DALLAS – Sam Williams had high expectations of him as soon as the Cowboys turned in his draft card in April. Being a second-round pick was reason enough to have Williams’s bar set relatively high, but adding on the fact that he was brought in to counter the loss Randy Gregory put more gasoline on the fire.
Once the Cowboys started doing football activities, Williams quickly stood out, making waves during the first day of rookie minicamp last month. It continued when mandatory OTAs took place last week, and although training camp will give more of an indication of what Williams can do, these are the kind of positives you want to hear.
Williams is on the cusp of his inaugural NFL campaign, and he’s expected to make a contribution to a Cowboys’ defense coming off of a very productive first season under defensive coordinator Dan Quinn, and he’s a perfect segue into several reasons why Williams is in position for an impact rookie season.
Relationship with Dan Quinn
The Cowboys covet their 30 visits before the NFL Draft. So much so, that it’s a safe bet that several of their picks will be from those visits, which was the case in 2022 as cornerback DaRon Bland and linebacker Devin Harper joined Williams in landing in Dallas.
It was during the pre-draft process that Williams developed a connection with Quinn. Quinn worked him out during his pro day at Ole Miss. After the workout, Quinn told Cowboys’ head coach Mike McCarthy about his desire to guide Williams in the NFL.
“Man, I’d really like to coach that guy.’ And that’s a good feeling to have… knowing that if the opportunity comes about to coach him, I think we have a real plan for that,” said Quinn.
When Williams came on his visit with the Cowboys, his relationship with Quinn went to another level, as well as his want to have a star on his helmet.
“When I came here, I told them I wanted to miss my flight on purpose so I wouldn’t have to leave,” Williams said. “It’s just a connection that I can’t explain. With DQ and the other guys, it’s just different.”
Williams has an abundance of talent and he wants to be taught. Quinn wants to teach him, and he’s already gushing over the raw ability he has to work with. That dynamic will be important in the development of Williams.
Willingness to be taught
Williams comes into the NFL with athleticism and speed as his calling cards. However, he didn’t play a lot of football before his college days, meaning his skills still need quite a bit of fine-tuning. Williams has been a sponge since arriving in Dallas, getting knowledge from some of the best in the Cowboys organization.
Charles Haley, who won three Super Bowls with the Cowboys in the 1990s and is a member of the Hall of Fame, has spent time teaching Williams some of the nuances of getting after the quarterback. The elder statesman of the defensive line, DeMarcus Lawrence, has taken extra time to get Williams and his technique on point.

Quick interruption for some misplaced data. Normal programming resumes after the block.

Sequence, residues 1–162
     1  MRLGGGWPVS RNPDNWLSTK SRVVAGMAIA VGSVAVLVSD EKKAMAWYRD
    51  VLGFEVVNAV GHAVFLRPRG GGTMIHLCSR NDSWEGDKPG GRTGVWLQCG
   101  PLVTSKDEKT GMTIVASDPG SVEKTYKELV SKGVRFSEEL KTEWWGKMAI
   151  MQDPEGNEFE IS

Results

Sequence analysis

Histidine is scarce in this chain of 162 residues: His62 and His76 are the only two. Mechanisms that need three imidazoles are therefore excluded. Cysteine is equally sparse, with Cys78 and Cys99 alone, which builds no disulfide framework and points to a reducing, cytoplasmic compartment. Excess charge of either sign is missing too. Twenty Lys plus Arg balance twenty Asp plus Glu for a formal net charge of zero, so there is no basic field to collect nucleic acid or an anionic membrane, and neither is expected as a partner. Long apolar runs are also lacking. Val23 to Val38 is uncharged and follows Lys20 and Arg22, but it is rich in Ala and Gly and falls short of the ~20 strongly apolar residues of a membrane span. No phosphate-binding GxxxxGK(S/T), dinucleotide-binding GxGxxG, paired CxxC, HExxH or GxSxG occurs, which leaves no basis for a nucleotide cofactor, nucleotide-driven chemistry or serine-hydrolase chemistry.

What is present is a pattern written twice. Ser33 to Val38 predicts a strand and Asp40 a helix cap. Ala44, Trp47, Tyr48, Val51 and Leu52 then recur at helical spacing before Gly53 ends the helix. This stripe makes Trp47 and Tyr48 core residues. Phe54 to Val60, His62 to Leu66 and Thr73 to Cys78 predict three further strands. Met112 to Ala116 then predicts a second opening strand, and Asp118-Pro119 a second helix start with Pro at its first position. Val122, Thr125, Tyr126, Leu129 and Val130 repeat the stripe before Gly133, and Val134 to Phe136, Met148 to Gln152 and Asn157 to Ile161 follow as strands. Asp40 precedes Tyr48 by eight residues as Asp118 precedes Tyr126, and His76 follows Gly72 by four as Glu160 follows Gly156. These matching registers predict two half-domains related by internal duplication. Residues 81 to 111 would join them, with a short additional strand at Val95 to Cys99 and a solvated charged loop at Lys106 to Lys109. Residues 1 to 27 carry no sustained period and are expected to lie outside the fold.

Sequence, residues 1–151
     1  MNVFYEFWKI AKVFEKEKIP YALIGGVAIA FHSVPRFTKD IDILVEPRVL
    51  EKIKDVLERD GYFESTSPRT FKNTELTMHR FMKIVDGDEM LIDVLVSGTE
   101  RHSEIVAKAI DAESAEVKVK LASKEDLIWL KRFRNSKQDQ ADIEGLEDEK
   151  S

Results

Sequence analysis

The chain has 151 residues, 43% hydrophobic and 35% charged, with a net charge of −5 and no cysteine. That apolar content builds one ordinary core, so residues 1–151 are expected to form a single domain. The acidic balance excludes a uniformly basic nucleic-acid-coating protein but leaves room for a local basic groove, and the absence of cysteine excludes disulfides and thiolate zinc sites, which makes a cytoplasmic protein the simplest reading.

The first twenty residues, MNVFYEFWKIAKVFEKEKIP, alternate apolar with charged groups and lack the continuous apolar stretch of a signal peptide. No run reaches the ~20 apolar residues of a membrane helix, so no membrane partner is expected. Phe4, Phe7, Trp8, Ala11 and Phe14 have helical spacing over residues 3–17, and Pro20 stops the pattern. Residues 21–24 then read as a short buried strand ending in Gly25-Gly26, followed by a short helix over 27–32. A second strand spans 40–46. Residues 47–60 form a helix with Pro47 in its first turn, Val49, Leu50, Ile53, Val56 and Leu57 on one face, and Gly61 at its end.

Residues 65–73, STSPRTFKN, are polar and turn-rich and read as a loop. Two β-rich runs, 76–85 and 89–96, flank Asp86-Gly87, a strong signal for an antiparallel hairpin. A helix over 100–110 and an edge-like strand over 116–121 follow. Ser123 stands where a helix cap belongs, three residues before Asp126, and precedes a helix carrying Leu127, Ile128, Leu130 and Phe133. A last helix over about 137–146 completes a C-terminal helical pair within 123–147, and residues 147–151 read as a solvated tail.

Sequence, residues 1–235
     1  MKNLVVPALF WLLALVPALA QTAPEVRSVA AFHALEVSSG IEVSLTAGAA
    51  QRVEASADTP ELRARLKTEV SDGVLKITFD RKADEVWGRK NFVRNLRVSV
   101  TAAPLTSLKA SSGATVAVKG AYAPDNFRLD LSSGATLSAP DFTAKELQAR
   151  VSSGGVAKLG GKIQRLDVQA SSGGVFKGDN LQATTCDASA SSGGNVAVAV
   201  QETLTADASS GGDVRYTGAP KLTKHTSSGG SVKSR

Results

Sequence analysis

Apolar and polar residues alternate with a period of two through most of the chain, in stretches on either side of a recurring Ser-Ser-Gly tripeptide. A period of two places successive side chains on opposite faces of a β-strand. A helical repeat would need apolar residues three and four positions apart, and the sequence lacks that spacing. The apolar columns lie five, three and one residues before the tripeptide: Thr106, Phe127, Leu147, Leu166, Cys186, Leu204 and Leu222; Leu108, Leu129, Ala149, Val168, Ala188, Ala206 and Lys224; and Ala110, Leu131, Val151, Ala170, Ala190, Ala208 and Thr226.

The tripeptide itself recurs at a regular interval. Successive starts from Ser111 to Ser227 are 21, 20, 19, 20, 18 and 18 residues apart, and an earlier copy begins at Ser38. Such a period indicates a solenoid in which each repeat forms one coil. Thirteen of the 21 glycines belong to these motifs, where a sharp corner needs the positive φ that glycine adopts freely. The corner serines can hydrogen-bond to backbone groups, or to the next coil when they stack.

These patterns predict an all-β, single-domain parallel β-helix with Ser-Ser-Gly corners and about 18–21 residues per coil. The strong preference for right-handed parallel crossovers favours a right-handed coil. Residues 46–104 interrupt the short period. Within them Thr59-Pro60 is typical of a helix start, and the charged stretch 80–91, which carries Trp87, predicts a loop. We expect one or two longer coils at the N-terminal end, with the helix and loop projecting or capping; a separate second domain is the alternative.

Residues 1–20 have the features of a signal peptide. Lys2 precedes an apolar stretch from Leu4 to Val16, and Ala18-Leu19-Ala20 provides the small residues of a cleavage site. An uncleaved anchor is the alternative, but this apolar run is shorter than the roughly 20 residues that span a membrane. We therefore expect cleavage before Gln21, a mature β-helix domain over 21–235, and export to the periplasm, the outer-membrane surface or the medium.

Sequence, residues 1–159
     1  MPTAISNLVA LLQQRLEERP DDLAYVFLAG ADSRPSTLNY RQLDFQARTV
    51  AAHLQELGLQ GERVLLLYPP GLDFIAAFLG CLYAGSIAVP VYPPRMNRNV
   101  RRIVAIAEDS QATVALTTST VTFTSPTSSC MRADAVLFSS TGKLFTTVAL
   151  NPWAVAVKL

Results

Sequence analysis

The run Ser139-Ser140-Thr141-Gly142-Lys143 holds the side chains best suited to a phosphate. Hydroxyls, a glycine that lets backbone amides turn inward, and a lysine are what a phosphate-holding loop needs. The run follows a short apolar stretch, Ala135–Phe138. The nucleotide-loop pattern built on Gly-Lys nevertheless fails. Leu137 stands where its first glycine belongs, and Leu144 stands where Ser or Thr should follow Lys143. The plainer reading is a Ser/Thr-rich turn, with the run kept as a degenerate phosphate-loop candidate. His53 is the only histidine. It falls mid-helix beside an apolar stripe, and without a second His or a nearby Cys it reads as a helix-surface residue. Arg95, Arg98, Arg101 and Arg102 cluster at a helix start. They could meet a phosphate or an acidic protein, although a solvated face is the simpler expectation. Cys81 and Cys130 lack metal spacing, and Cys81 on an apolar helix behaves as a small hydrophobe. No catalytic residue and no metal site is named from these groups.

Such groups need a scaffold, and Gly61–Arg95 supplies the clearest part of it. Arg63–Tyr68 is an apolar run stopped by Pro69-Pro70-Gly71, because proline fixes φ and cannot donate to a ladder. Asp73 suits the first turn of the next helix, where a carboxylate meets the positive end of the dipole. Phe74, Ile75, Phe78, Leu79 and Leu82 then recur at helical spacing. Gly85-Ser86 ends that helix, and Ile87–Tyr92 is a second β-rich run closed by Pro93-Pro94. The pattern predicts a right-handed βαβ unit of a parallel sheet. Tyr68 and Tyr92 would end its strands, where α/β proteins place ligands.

The Cowboys’ biggest draft selection of 2021, linebacker Micah Parsons, has also gotten in on the tutelage of Williams. Just before mandatory minicamp, Williams talked about how Parsons began to school him and what he needed to do to be an effective player in his first season.
“Micah has helped me out,” Williams said. “[He told me] I just need to terrify these guys and open pass rushing lanes, things that I can do. Just start off with speed. Once they get used to your speed, then it’s like a chess match. Now they have to figure out what I am doing.”
His skill set gives Quinn several options
Williams is best-known for rushing the passer from the edge. However, while at Ole Miss, Williams played some 4-tech which required him to battle against guards who are typically bigger and more physical than tackles. With this diverse ability, Quinn can design packages where Williams can slide inside along with possibly Lawrence and let Parsons and Dante Fowler rush from the edge, or maybe Dorance Armstrong.
The edge is where Williams will make the most noise. Dallas has capable guys like the aforementioned Fowler and Armstrong as well as veteran Tarell Basham to pressure the quarterback from the outside, so Williams doesn’t have to come and get 13 sacks like Parsons did last season. Williams can be a part of a rotation and get time to work on his craft more.
Williams can rush from either side, and Quinn will likely have him stand up and get after the quarterback some for the Cowboys in addition to being down in a three-point stance. He can is also versatile enough to play outside linebacker in a traditional 4-3 scheme. Simply put, Quinn has a plethora of ingredients to work with when it comes to Williams.
Feature image via Kirby Lee-USA TODAY Sports